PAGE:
Suspension has transformed the way we ride, available from 80mm travel on forks for lightweight XC bikes to over 300mm travel on the rear of some big-hit free-ride bikes. Modern mountain bikers now have to comprehend things like platform-valving, high and low speed compression and rebound damping, pivot location, floating shocks, actuators, lock-out, oil viscosity and axle paths, but the biggest transformation of all is how the breed has fragmented. Once upon a time a mountain bike was a mountain bike was a mountain bike. Now we a have a broad spectrum of types to fill every imaginable niche; from indestructible twelve inch travel free-ride to superlight cross-country race bike. Fully rigid single-speed, 4X, All-Mountain, Back Country, Hard-Core Hard-Tail, Soft-Tail, Dirt-Jump or fully loaded Expedition Mountain Bike. Trail Bikes, Trials Bikes, Mud Bikes, even dedicated Snow Bikes. Individually unique, but each one a Mountain Bike.
The constant search for performance advantage has made mountain biking a hot-bed of cycling technological development. As a result materials, technology and processes developed for mountain bikes have all found their way into every other kind of bike. Whether you ride a mountain bike or not - if your Road Bike, Street Bike or Folding Bike is less than ten years old you’re using technology which was developed to cope with the rigours of dirt riding. All of our bikes are more durable thanks to sealed bearings.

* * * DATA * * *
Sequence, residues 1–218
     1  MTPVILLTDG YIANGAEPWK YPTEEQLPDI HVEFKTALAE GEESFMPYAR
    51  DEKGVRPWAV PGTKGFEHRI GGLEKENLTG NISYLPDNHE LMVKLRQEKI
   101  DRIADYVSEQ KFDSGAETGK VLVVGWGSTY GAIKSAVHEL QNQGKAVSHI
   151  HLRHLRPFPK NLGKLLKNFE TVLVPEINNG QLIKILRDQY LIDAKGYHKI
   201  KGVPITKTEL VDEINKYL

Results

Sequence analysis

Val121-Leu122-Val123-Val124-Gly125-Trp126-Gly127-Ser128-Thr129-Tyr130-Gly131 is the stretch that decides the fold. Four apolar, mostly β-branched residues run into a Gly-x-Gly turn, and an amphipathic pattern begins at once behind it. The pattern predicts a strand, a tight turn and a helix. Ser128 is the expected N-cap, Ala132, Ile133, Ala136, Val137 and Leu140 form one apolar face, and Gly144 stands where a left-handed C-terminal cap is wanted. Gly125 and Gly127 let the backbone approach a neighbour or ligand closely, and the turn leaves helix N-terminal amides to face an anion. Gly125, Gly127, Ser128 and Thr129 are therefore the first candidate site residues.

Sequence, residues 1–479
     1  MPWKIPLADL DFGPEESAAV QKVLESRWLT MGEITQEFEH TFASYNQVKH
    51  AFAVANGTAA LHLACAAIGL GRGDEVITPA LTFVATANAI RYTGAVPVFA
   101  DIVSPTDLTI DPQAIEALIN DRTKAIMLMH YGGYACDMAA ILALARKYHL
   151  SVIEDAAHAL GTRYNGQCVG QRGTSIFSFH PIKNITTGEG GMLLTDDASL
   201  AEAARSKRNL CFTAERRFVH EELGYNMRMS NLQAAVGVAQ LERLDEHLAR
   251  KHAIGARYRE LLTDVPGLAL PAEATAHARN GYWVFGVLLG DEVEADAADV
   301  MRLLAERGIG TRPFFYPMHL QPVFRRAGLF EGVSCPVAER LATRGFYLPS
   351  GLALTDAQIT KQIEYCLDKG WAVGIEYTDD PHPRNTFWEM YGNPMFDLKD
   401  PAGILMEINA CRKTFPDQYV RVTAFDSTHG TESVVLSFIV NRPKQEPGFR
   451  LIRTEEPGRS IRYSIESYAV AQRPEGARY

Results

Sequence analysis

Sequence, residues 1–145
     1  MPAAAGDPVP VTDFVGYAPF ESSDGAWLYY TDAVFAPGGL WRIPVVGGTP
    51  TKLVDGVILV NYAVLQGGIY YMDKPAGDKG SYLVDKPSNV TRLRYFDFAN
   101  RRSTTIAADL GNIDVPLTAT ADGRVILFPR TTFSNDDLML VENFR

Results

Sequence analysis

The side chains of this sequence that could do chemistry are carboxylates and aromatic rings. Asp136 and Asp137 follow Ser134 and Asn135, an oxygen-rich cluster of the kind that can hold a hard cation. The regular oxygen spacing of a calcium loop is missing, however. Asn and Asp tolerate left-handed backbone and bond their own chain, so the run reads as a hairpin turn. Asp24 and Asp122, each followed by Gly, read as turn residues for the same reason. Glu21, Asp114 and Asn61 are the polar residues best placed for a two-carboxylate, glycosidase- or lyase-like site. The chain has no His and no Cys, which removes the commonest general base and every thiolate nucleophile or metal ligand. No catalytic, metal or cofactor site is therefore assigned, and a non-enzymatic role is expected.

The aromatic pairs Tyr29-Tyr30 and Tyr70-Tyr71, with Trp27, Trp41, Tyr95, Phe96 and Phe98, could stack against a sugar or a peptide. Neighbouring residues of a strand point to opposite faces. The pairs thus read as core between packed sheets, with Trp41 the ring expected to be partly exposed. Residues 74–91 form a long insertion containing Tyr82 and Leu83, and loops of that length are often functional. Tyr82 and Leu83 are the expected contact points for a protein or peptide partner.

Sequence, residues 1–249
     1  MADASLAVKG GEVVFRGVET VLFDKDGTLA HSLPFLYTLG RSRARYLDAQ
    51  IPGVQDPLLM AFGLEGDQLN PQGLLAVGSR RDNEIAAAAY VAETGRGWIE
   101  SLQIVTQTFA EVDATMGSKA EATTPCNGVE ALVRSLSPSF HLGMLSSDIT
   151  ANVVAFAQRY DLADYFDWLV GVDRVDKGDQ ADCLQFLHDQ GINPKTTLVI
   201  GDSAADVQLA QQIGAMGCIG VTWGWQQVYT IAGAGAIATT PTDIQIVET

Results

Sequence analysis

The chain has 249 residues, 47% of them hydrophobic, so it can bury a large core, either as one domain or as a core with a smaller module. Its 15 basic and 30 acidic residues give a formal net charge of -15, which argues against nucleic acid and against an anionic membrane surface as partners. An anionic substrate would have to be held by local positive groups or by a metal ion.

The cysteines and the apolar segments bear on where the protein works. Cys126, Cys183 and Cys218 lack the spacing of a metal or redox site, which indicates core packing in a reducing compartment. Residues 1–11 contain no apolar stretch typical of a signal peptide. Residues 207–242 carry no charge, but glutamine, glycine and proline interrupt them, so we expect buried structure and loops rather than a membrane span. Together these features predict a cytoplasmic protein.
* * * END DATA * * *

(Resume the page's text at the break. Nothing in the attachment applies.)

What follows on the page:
The evolution of the off–road bike is far from over. In an ironic twist the twenty six inch tyre introduced all those years ago, the very thing which made the invention of the mountain bike possible may now be under threat of extinction. The recently introduced ‘29er' has been a huge success, widely adopted by mountain bikers for its ability to roll over trail imperfections better than its 26inch grand-daddy. But it hasn’t stopped there. A few manufacturers are now promoting yet another standard, the inbetweeny, best-of-both-worlds 650b (what Americans call the 'twenty-seven-and-a-half-inch').
Technological advancement has been a major factor in the history of mountain biking it’s important to remember that the reason off-road riding is so popular today, indeed the reason it exists at all is down to one three letter word. The Repack racers could not have imagined that in the quest for fun they would have such a monumental influence on so many people's lives and transformed a whole industry.
Without knowing it, they changed the world.